Stay Strong: Building a Support System
By Stacy Hill, with additional reporting by Rachel Bozek, Scott Cohen, Natalie Davis and Rachel Morse
Everyone, even strong and independent students, can benefit from developing a support network. Just as you feel good when you help someone else, other people are willing and able to provide guidance, an ear, or help strategizing.
Sometimes it can feel awkward to ask for help. You may be concerned that your situation isn’t important, or that you’ll seem needy if you reach out. Perhaps you’re not sure to whom you can turn, or think you can handle everything on your own.
Kayla S., a senior at the University of Tampa, notes, “I was worried at first because I didn’t know where to go when I was feeling stressed. I think many students can relate to that. But through [the network of] professors, friends, and academic advising, I was able to build my support system. Although it takes time and the right steps, all students can do it.”
Friends, Old and New
Whether you’re part of a study group or joining a club for bowling enthusiasts, keep in mind that the people around you can be great sources of support. Cultivating friendships of varying degrees of closeness can help you when you need to unwind, play, study with others, or cry on someone’s shoulder.
Professors, Advisors, and Mentors
Get to know your instructors, more experienced students, and peer mentors for when you have questions about academic material, want to explore your interests and career goals, or feel stressed about balancing multiple academic and other responsibilities.
The 2011 National Student Engagement Survey found that 83 percent of college seniors talked with a faculty member or advisor.
Karen Pollack, an instructor at Temple University in Pennsylvania, says helping students figure out their goals is one of the great pleasures of teaching.
Kayla explains, “Advisors helped me when I was trying to make my class schedule and had an issue with a professor. Through seeking help, I was able to form a relationship with [them] that I would consider part of my support network.”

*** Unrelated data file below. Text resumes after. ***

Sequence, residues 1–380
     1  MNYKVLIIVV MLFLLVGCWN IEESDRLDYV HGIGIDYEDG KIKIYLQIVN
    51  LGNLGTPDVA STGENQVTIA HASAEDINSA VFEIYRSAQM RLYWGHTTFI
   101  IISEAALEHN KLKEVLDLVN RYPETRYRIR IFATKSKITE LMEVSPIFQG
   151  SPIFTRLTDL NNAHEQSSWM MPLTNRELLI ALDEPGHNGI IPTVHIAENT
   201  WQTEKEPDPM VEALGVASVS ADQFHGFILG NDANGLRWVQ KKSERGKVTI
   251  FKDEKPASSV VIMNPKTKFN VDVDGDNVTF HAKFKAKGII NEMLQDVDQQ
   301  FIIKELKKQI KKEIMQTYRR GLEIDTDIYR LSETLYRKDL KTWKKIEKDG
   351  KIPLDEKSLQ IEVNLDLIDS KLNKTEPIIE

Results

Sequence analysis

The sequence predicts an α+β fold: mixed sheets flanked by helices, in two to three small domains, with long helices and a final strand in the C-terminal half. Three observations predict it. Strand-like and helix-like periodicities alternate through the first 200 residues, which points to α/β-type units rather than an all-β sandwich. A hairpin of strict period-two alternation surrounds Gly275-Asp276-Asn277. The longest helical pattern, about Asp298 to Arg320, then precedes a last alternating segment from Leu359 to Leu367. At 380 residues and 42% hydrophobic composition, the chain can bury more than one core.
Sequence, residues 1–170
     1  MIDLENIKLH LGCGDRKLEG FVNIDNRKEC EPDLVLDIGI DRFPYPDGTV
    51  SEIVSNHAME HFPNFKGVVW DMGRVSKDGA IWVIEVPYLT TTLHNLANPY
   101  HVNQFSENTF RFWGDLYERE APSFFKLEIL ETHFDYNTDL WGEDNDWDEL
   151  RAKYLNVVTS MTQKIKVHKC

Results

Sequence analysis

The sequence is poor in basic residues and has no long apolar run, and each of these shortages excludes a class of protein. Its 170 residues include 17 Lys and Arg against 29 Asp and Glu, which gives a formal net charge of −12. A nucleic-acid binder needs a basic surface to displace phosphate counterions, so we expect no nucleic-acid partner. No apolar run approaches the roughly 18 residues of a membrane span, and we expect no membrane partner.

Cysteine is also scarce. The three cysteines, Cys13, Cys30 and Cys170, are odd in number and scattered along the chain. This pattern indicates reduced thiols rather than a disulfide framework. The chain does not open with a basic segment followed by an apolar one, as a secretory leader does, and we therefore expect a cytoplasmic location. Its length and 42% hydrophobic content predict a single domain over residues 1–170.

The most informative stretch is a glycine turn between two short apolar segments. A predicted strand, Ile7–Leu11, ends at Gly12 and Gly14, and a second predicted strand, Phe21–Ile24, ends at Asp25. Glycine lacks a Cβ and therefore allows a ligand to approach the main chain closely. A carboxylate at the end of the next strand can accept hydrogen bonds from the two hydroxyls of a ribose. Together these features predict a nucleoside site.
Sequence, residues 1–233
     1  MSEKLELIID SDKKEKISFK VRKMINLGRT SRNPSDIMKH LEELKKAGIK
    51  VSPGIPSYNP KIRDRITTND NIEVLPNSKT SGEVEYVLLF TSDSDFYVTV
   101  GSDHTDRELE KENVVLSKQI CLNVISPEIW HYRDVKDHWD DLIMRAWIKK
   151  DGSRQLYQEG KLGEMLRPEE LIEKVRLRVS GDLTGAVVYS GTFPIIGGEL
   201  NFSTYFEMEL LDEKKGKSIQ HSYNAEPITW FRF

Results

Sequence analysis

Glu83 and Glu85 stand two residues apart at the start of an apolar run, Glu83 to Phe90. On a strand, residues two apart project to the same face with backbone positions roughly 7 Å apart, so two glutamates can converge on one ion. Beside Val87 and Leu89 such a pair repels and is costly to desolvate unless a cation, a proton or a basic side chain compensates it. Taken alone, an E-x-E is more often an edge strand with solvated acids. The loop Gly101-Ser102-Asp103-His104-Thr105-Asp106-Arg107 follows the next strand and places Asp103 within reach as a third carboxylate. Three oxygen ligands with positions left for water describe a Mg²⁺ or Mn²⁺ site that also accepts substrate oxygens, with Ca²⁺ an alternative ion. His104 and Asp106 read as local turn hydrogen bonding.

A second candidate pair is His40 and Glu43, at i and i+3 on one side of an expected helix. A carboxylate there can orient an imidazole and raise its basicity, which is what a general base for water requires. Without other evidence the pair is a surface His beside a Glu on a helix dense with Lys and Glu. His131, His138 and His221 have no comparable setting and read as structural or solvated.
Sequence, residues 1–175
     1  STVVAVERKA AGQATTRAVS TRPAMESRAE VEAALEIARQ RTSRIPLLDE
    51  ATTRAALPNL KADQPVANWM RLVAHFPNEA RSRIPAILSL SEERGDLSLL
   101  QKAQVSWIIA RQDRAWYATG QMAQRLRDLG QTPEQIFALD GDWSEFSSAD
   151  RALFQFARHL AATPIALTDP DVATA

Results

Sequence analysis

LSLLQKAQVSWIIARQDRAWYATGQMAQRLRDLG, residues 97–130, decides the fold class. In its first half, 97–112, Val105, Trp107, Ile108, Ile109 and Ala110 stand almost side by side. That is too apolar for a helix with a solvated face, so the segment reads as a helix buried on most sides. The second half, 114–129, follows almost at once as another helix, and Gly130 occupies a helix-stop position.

Developing relationships with faculty early on can reduce anxiety if you experience something that affects your school performance. If you’re ill or need more time for an assignment, let your professors know.
Debra Dumond, assistant dean of students at York County Community College in Maine, says, “If a faculty member doesn’t get back to a student right away, some students assume that the professor doesn’t really care about them.” She suggests setting up in-person or phone meetings in order to establish a more dynamic relationship.
John Hipple, a counselor at the University of North Texas Counseling Center in Denton, urges students to have regular conversations with family. “Students who are never in touch often let problems build up before seeking input,” he explains. Plus, your family members may have been college students themselves and can share helpful advice from their own experience.
Kayla suggests, “Make time because telling them about what you are doing in class can help ease stress without even knowing it.”
“For help with grades, there are teachers and tutors,” says Ray V., a graduate student at Indiana University in Bloomington. “For help with scheduling, there are advisors. For help with activities, there are coaches and administrators. What about other things, though?”